Guide to depression for parents and carers (Welsh)

This booklet aims to help parents recognise and understand depression and how to get appropriate help for their child

View resource
Resource

Looking after yourself during your GCSEs - A guide for pupils

Packed with practical tips and ideas to support young people before, during and after exam time.

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Resource

Low mood poster

Poster created in partnership with Bank Workers Charity highlighting common causes of low mood, how to help yourself feel better and information on where to get more help.

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Resource

Making the move to university: care leavers

Read how to look after your mental health if you are starting university after being in care.

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Resource

Making the move to university: international students

Moving to university is especially tough for those who are coming from another country. Don't forget to make sure you prioritise your mental health, and read how to do so here.

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Resource

Making the move to university: LGBTQ+ students

Read our resource on how you can best take care of your mental health when making the transition to university if you are part of the LGBTQ+ community.

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Resource

Making the move to university: not fitting in

Read our guide on how to protect your wellbeing if you are starting university and feel like you may not fit in in any way.

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Resource

Making the move to university: students with adverse childhood experiences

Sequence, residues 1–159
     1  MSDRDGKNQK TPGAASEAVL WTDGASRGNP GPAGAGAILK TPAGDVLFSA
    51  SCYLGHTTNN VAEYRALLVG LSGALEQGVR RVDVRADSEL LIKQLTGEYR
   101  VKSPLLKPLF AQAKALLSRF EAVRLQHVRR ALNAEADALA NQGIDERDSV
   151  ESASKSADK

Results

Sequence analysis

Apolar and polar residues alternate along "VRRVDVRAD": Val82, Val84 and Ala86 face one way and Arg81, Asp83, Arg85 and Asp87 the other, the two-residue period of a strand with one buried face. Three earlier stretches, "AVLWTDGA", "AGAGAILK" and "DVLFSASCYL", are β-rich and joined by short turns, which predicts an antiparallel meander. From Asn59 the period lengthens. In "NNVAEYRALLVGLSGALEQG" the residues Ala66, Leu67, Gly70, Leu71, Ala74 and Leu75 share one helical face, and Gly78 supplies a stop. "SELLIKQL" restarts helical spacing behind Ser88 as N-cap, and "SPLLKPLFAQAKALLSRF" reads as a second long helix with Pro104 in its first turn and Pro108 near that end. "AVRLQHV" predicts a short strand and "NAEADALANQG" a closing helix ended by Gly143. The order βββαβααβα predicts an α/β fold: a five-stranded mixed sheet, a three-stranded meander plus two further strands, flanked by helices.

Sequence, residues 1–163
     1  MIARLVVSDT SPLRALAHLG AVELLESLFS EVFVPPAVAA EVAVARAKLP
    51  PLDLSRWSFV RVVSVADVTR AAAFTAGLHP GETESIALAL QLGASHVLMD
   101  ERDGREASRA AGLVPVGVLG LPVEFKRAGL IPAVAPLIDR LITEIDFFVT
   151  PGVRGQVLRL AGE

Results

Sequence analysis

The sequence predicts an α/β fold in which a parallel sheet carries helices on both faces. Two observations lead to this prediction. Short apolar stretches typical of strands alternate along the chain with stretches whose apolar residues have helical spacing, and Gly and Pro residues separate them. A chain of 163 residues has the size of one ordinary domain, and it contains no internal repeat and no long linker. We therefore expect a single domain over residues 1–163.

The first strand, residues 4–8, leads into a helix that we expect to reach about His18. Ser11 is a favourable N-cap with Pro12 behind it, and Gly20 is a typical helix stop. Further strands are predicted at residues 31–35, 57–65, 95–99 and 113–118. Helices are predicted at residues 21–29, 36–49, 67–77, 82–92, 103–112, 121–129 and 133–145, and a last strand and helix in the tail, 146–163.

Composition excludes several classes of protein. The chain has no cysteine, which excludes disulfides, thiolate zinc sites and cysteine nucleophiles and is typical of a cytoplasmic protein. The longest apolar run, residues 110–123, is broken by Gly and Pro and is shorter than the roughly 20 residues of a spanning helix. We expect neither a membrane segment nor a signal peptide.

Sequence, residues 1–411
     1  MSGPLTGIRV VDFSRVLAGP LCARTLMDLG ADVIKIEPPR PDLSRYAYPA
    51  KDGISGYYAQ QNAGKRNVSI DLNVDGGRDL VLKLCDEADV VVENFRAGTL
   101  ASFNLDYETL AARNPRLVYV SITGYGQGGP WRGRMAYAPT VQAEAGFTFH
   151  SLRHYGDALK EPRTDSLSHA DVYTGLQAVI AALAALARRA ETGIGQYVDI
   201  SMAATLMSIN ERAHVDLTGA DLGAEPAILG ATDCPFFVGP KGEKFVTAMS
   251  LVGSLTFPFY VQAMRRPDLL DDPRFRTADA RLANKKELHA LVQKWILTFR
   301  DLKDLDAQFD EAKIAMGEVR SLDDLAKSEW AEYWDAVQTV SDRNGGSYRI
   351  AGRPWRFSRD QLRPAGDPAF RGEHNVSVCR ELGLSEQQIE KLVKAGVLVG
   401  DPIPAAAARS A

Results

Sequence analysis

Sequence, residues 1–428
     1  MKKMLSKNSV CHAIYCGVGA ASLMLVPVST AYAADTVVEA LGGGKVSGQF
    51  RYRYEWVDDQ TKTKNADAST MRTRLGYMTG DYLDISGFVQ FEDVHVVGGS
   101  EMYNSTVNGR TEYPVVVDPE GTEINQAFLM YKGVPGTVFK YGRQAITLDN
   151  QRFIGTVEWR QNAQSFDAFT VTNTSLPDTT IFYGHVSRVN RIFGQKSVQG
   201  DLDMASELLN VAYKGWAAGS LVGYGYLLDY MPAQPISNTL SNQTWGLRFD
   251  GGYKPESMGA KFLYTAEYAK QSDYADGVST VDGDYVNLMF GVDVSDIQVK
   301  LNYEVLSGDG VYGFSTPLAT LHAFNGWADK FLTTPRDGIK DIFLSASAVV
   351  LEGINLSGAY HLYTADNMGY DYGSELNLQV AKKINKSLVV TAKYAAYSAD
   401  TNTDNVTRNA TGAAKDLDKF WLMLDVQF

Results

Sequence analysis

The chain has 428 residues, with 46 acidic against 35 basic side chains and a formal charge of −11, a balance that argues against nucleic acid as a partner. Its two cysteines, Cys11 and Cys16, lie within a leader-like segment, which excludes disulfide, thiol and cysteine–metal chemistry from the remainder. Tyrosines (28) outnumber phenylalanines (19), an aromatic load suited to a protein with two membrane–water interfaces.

Resource for those starting university who have had adverse childhood experiences such as trauma or abuse.

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Resource

Making the move to university: young carers

Read how to access support and prioritise your mental health while transitioning to university as a young carer.

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Resource

Perfectionism

Aiming high can sometimes come at a cost. This eight page guide looks at ‘unhealthy perfectionism’ – how to spot it and advice on how to develop effective interventions.

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Resource

Supporting a child with anxiety

A guide for parents and carers to help understand anxiety more clearly and begin to address it.

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Resource

Warning signs poster

A bold A3 poster showing the warning signs that tell you when someone may be depressed. This poster could save a life.

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Resource

Wellbeing Action Plan (child)

A simple, resource to help young people keep themselves well and get them through difficult times

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Resource

Wellbeing Journal

A simple, journal to help young people think about and write down the things which make them feel good.

View resource